Alphabet company Verily (formerly Google Life Sciences) is teaming up with pharmaceutical firm GlaxoSmithKline to develop bioelectronic medicines. The new company, Galvani Bioelectronics headquartered in the UK aims to research, develop and commercialize implantable, miniature devices which could potentially treat illnesses such as arthritis, diabetes and asthma.
As part of the agreement, GSK will hold 55% equity interest and Verily will hold 45% owned by Verily, and receive up to $712M funding over seven years.
What is Bioelectronic Medicines?
Bioelectronic medicine aims to tackle a wide range of chronic diseases using miniaturized, implantable devices that can modify electrical signals that pass along nerves in the body, including irregular or altered impulses that occur in many illnesses. GSK has been active in this field since 2012 and believes certain chronic conditions such as arthritis, diabetes and asthma could potentially be treated using these devices.
The new company will bring together GSK’s drug discovery and development expertise and deep understanding of disease biology with Verily’s technical expertise in the miniaturization of low power electronics, device development, data analytics and software development for clinical applications.
Initial work will center on establishing clinical proofs of principle in inflammatory, metabolic and endocrine disorders, including type 2 diabetes, where substantial evidence already exists in animal models; and developing associated miniaturized, precision devices.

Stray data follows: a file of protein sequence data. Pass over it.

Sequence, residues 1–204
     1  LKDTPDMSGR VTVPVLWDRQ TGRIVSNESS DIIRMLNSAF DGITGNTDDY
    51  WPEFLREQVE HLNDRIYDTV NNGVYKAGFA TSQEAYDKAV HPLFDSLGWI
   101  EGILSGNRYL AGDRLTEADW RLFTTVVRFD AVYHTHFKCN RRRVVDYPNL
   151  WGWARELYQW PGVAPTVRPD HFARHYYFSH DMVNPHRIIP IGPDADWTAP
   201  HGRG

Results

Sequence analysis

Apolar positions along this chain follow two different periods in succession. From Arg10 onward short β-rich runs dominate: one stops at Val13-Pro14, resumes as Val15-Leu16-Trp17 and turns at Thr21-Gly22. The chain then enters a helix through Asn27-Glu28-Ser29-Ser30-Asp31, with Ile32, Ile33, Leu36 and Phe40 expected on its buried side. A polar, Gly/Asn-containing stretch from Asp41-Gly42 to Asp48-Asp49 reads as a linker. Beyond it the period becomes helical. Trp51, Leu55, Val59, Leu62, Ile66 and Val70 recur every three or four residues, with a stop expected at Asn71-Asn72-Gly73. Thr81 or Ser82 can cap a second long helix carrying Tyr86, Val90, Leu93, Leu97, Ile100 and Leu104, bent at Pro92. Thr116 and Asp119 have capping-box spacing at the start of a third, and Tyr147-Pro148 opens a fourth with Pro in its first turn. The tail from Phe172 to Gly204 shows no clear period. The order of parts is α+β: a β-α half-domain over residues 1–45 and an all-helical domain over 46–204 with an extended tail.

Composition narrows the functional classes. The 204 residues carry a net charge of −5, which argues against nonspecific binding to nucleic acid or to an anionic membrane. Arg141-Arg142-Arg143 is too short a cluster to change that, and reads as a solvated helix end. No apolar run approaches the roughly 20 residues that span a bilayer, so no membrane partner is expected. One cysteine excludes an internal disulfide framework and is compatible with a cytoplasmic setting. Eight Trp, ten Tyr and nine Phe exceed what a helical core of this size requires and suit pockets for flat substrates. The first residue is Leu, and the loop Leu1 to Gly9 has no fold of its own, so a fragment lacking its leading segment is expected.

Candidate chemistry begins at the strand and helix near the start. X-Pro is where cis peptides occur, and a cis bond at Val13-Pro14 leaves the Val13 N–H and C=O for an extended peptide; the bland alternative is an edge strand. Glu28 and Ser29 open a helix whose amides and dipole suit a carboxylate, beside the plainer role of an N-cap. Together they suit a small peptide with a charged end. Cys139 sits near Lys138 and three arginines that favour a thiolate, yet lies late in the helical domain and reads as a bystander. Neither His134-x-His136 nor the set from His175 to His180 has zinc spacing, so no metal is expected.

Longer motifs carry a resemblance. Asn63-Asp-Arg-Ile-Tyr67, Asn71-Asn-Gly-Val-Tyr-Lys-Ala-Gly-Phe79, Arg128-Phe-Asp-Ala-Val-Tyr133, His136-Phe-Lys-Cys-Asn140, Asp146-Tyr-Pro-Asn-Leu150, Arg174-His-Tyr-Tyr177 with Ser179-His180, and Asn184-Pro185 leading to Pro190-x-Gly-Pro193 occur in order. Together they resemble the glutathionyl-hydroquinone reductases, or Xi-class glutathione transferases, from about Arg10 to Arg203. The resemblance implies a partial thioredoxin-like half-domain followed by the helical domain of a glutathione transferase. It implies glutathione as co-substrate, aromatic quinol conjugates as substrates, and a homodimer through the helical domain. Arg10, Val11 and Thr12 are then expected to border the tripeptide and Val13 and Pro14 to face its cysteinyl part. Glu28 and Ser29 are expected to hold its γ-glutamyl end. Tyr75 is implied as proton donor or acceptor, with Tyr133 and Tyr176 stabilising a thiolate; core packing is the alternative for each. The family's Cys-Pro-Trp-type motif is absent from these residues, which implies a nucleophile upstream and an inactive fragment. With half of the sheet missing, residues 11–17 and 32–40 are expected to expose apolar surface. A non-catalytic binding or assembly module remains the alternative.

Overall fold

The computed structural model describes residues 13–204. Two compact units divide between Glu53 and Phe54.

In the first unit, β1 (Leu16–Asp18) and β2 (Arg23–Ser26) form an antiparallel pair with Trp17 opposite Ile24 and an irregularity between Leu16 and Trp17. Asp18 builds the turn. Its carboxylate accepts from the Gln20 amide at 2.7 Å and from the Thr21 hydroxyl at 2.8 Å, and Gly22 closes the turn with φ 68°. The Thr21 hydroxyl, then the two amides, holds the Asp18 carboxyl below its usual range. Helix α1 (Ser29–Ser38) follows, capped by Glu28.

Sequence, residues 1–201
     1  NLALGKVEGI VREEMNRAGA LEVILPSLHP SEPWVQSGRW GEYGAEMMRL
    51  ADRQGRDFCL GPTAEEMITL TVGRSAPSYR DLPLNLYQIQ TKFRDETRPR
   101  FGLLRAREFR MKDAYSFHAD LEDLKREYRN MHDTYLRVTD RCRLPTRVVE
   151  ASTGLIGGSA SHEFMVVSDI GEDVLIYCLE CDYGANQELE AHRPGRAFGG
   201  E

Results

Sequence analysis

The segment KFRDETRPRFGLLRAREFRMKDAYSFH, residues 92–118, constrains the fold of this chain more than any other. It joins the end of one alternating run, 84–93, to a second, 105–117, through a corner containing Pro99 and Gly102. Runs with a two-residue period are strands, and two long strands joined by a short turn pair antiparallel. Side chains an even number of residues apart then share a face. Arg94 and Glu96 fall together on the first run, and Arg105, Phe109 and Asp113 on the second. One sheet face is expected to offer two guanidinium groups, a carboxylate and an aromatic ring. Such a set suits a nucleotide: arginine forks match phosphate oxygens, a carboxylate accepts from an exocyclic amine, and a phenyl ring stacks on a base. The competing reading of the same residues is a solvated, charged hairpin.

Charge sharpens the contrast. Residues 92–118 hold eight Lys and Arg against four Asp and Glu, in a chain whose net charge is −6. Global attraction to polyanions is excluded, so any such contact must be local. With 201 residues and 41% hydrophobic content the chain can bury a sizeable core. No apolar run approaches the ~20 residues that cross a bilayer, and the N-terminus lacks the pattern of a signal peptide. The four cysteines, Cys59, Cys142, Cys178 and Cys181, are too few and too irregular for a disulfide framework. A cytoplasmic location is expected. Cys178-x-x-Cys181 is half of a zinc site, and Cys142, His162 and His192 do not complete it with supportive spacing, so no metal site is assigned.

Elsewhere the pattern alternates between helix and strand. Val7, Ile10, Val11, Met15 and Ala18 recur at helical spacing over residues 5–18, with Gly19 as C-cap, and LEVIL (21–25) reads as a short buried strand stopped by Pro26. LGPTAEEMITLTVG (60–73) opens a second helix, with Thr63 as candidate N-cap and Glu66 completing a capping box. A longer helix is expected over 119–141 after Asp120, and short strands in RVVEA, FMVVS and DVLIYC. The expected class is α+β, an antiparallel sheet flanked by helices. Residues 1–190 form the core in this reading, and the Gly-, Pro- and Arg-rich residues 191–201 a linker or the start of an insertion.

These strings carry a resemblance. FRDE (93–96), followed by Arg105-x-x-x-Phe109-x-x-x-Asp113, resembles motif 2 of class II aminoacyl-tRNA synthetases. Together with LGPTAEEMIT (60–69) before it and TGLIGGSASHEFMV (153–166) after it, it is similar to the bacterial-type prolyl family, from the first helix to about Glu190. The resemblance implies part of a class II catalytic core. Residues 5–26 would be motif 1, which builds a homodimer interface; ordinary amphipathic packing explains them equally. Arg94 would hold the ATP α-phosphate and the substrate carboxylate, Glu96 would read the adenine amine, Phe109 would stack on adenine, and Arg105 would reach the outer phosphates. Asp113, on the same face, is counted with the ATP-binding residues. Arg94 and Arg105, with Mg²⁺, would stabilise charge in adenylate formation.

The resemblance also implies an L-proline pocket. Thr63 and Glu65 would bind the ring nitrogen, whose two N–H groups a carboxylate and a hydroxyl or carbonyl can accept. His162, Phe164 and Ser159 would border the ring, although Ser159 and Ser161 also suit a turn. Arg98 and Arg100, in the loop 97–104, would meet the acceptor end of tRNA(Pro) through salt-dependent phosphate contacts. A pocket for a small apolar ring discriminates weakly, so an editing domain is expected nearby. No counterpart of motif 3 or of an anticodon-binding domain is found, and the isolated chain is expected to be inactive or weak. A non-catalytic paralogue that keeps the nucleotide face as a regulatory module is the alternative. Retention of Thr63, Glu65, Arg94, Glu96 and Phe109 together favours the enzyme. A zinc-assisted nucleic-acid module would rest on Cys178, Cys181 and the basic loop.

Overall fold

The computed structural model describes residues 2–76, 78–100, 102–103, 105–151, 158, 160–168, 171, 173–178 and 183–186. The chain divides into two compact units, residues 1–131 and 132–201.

Galvani Bioelectronics will be headquartered within GSK’s global R&D center at Stevenage in the UK, with a second research hub planned at Verily’s facilities in South San Francisco. It will initially employ around 30 expert scientists, engineers and clinicians, and will fund and integrate a broad range of collaborations with both parent companies, academia and other R&D companies.
Kris Famm, GSK’s Vice President of Bioelectronics R&D, has been appointed President of the new company and Moncef Slaoui, GSK’s Chairman of Global Vaccines will chair the board.
“Many of the processes of the human body are controlled by electrical signals firing between the nervous system and the body’s organs, which may become distorted in many chronic diseases. Bioelectronic medicine’s vision is to employ the latest advances in biology and technology to interpret this electrical conversation and to correct the irregular patterns found in disease states, using miniaturised devices attached to individual nerves. If successful, this approach offers the potential for a new therapeutic modality alongside traditional medicines and vaccines,” said Moncef Slaoui, GSK’s Chairman of Global Vaccines in a statement.
“This agreement with Verily to establish Galvani Bioelectronics signals a crucial step forward in GSK’s bioelectronics journey, bringing together health and tech to realize a shared vision of miniaturized, precision electrical therapies. Together, we can rapidly accelerate the pace of progress in this exciting field, to develop innovative medicines that truly speak the electrical language of the body.”